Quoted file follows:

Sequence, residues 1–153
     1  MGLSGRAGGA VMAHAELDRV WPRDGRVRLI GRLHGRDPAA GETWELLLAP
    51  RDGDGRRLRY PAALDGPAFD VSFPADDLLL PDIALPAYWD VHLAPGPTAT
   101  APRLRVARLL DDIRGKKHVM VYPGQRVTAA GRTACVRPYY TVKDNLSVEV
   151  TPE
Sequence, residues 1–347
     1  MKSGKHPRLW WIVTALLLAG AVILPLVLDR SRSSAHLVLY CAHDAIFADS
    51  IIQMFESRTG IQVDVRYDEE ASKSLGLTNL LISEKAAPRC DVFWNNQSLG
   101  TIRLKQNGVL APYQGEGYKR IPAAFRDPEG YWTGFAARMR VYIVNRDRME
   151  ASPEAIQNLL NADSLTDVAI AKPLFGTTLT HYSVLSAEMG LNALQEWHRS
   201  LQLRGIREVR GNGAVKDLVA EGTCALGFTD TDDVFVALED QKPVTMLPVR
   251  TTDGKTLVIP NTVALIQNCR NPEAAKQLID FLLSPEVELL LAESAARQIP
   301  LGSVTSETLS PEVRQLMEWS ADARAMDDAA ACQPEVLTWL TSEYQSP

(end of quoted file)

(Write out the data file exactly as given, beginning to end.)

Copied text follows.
Sequence, residues 1–153
     1  MGLSGRAGGA VMAHAELDRV WPRDGRVRLI GRLHGRDPAA GETWELLLAP
    51  RDGDGRRLRY PAALDGPAFD VSFPADDLLL PDIALPAYWD VHLAPGPTAT
   101  APRLRVARLL DDIRGKKHVM VYPGQRVTAA GRTACVRPYY TVKDNLSVEV
   151  TPE
Sequence, residues 1–347
     1  MKSGKHPRLW WIVTALLLAG AVILPLVLDR SRSSAHLVLY CAHDAIFADS
    51  IIQMFESRTG IQVDVRYDEE ASKSLGLTNL LISEKAAPRC DVFWNNQSLG
   101  TIRLKQNGVL APYQGEGYKR IPAAFRDPEG YWTGFAARMR VYIVNRDRME
   151  ASPEAIQNLL NADSLTDVAI AKPLFGTTLT HYSVLSAEMG LNALQEWHRS
   201  LQLRGIREVR GNGAVKDLVA EGTCALGFTD TDDVFVALED QKPVTMLPVR
   251  TTDGKTLVIP NTVALIQNCR NPEAAKQLID FLLSPEVELL LAESAARQIP
   301  LGSVTSETLS PEVRQLMEWS ADARAMDDAA ACQPEVLTWL TSEYQSP